TOWSON, MD., JUNE 2 -- If modesty is a virtue, the Maryland Republican Party may be almost ready for sainthood.

Despite brave talk during a spring state convention here, the minority party has a decidedly modest aspiration in this election year: to begin the steep climb toward parity with the state's dominant Democrats.

Republicans across the state are slowly increasing their numbers, and even Democrats concede those gains could help, especially in fast-growing suburban counties, to elect a few county council members and some legislators.

Grander goals may take some time. The most common adjective used to describe the party's ostensible top-of-the-ticket, gubernatorial candidate, William S. Shepard, of Potomac, is "credible." Most Republicans express confidence only that Shepard, in his long-shot campaign against Democratic Gov. William Donald Schaefer, will not be a drag on local races.

One Republican officeholder said of Shepard, "It's like the Hippocratic oath: 'First, do no harm.' "

A key for the party, which holds a registration majority in only three of the state's 23 counties, is whether Shepard can begin to win back some of the corporate allegiance lost to Democrats over the years. "The real question is whether the business community gets specifically behind Shepard," said Richard Bennett, Baltimore County GOP chairman.

In a keynote address today, Shepard, a former career U.S. Foreign Service officer who ran unsuccessfully for Congress in 1986, reiterated his assertion that discontent with Schaefer's spending policies will help Republicans in the fall despite the Democrats' more than 2-to-1 edge in Maryland voter registration.

"This race is no longer Schaefer's to lose," Shepard said. "This race is ours to win."

Shepard disappointed some of the 116 convention delegates today by failing to announce a lieutenant governor running mate. Shepard said Friday night that he is continuing to interview prospective candidates, and an aide denied persistent rumors that Shepard had been turned down by some potential candidates.

Nevertheless, a party that has had little to cheer about in elections for state offices had good news to celebrate this weekend. Chairman Joyce L. Terhes, who took over amidst the rubble of intraparty splits late last year, could report that Republicans in Maryland are out of debt for the first time since 1986. Since January, she said, nearly $145,000 has been raised, and the state office now has a fax machine. Still, the pennypinching must go on. Terhes couldn't show the convention a videotape of a party promotional commercial because the cost of renting a VCR was $66.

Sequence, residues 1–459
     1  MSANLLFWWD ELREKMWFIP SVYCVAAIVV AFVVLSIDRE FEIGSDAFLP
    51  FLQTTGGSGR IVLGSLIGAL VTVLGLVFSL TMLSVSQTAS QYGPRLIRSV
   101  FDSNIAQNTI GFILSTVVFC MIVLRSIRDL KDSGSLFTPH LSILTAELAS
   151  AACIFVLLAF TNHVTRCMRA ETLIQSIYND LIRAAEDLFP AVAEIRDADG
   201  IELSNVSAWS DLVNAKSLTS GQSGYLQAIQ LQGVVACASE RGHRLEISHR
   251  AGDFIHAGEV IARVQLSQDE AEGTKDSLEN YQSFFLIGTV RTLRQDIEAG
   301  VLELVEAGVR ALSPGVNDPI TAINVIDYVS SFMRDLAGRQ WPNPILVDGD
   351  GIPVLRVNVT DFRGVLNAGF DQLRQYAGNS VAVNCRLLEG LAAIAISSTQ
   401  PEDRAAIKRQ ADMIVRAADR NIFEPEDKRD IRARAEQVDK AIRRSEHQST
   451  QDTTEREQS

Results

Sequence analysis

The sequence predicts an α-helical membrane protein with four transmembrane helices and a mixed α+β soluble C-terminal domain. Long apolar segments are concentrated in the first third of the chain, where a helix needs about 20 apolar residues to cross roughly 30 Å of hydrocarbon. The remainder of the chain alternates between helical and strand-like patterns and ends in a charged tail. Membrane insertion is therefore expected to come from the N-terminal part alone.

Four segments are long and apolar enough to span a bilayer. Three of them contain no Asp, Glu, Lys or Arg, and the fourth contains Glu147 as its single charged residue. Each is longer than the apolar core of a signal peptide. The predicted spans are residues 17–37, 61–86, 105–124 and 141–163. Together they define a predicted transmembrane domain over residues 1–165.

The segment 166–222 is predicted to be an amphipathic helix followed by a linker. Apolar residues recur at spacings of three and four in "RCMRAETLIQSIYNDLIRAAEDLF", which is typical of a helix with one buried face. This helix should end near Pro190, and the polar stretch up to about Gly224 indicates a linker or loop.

Recruitment of candidates for local and legislative races is progressing well, she said.

"I'd like to win a minimum of one county executive race," Terhes said, "and pick up three to five House of Delegates seats and two in the Senate."

Winning at least one county executive seat -- all are now held by Democrats -- and some legislative races would mean "we'd have candidates groomed and poised for 1994," she said.

Terhes said that in addition to the reelection of two Republicans in the U.S. House, Reps. Constance A. Morella and Helen Delich Bentley, she hopes one of the eight Republican candidates in the 1st District race will defeat Democratic Rep. Roy Dyson. The sprawling district covers the Eastern Shore and Southern Maryland.

"I'd love the governor's office, but that's a heck of a long shot," she said in an interview.

Mark Frazer, a candidate for Congress in the 1st District, added, "The courthouse, that's where we need to focus."

Terhes, a Calvert County commissioner, tantalized many of the Republicans at the convention with predictions that a "major" figure was planning to switch registration from Democrat to Republican to run for office this year.

She declined to identify the candidate, saying that the Republican National Committee will get involved in an announcement sometime before the June 18 deadline for changing parties in this year's elections.

Mostly, 1990 looks to Maryland Republicans like a building year.

Said Terhes, "When you're the number two party and in the shape we've been in, you can't expect to come back and have miracles overnight."